The Best Manufacturing Practices (BMP) Program has changed the cultural bias of the U.S. industrial base toward technology transfer from a close hold, company-proprietary mentality to a more open, willingness-to-share-expertise attitude. This attitudinal cultural change is enabling companies to deliver higher quality goods and services to their customers and increase their competitiveness - both individually and as teammates, subcontractors, or suppliers - in the global marketplace. BMP was created in 1985 to overcome the wide and very costly variances in the quality of goods and services being received by the Navy from contractors throughout the United States. As the Navy went to its suppliers, it found that manufacturing process problems faced by one contractor had frequently been solved by another contractor. The Navy saw a simple solution to its quality, cost, and reliability problems - get the contractors to share how they solved problems. However, in the highly competitive world of defense contractors, the concept of sharing jealously-guarded information was not only unpalatable, it was considered unthinkable.
BMP's credo of sharing knowledge, insight, and experience created a unique data gathering, validation, dissemination, and application initiative to reverse the anti technology transfer bias and get the Navy's contractors to exchange their process improvement techniques and problem solving methods. Because many Navy contractors also supplied the other military services and because many other firms were subcontractors or suppliers, BMP's innovative initiative ultimately could be applied across the entire U. S. industrial base.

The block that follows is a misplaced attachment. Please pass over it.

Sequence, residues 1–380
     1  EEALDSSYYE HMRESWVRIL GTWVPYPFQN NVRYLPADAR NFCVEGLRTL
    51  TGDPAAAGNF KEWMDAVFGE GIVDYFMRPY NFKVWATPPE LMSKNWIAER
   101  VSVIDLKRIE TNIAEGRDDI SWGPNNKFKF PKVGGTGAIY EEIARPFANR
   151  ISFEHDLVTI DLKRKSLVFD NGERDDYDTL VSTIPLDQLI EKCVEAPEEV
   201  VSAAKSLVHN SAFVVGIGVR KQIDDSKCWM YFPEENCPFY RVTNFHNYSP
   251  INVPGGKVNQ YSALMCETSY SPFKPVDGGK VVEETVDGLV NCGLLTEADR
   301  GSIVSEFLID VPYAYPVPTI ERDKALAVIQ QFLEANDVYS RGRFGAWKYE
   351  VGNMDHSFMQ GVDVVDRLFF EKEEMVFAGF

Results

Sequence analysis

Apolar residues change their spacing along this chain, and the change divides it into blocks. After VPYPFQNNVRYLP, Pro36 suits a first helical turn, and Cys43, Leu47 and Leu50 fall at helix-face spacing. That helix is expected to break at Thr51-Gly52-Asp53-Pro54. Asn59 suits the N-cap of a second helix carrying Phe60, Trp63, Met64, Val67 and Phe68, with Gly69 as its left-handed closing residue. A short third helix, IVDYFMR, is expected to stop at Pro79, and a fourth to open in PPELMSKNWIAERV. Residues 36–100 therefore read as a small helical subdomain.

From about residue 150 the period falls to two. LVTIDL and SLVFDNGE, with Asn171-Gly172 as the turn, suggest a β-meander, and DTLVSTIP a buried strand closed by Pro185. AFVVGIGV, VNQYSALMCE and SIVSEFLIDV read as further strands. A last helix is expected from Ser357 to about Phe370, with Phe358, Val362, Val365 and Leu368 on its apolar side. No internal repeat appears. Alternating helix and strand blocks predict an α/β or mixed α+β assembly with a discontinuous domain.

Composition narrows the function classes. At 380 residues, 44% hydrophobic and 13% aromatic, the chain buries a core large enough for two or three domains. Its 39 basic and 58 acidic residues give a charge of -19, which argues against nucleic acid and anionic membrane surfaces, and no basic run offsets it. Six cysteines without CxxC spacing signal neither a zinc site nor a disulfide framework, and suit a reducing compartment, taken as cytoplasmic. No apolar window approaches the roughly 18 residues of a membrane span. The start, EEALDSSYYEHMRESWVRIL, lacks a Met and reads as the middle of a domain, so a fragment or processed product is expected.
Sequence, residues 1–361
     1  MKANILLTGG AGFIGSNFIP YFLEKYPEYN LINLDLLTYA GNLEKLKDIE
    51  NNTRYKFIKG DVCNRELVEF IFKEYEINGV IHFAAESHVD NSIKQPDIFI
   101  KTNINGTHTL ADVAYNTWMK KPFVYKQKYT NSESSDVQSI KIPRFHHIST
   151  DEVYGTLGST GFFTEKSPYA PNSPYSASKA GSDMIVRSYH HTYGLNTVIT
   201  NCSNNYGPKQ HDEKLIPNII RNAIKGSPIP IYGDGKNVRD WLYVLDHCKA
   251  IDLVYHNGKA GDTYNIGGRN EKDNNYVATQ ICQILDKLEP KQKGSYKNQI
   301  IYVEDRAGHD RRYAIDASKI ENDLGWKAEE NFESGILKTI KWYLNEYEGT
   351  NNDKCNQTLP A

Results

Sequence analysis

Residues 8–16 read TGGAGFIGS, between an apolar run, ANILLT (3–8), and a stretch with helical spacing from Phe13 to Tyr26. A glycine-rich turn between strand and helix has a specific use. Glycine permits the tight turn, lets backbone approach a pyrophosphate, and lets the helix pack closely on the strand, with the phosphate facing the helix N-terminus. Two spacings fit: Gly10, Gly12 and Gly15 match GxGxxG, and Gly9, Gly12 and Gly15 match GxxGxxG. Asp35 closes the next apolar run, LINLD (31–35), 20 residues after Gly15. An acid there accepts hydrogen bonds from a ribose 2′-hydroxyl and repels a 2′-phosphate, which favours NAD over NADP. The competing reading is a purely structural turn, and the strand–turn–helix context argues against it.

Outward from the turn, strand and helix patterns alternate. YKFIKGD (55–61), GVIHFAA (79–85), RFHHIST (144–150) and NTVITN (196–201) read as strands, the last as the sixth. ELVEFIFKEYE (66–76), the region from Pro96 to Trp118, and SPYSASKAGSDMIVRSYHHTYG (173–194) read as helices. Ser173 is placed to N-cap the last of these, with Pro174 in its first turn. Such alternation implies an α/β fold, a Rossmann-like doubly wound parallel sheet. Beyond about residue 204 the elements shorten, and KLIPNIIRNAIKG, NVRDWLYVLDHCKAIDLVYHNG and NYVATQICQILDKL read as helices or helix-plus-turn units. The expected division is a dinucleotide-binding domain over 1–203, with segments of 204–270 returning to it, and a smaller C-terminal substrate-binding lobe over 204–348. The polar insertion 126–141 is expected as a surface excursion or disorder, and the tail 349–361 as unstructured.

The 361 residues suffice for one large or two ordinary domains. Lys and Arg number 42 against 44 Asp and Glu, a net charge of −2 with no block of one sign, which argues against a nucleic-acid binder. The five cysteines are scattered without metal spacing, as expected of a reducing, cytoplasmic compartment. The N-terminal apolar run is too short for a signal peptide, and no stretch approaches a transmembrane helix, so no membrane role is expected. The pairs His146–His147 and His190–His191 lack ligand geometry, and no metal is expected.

The BMP Program is based on companies' voluntary sharing of information
and is executed through its unique on-site survey process. Teams of impartial
experts from government, industry, and academia document best practices
worthy of sharing. These surveys are not audits, a concept largely misunderstood
1985. Today, more than 150 surveys have been conducted, more than 5,000
practices documented, how-to guidelines published, an Internet site
established making BMP's resources easily accessible, and a partnership
set up with the Department of Commerce and the University of Maryland at College Park. BMP's Center
of Excellence and ten satellite centers around the country serve the
of Defense and all of American commercial and government industry.
BMP's goal is to improve the quality, cost, and reliability of goods and services provided to the Department of Defense. BMP is meeting that goal and has spread the benefits of its goal to a wide range of other customers beyond it's original target [The Navy acquisition community.] The data gathering, validation, dissemination, and application innovation has made BMP a credible "honest broker" for technology transfer. BMP is helping the U. S. industrial base change its culture to meet the increasing pressures in global marketplace competition by fostering cooperation among firms to maintain U. S. dominance.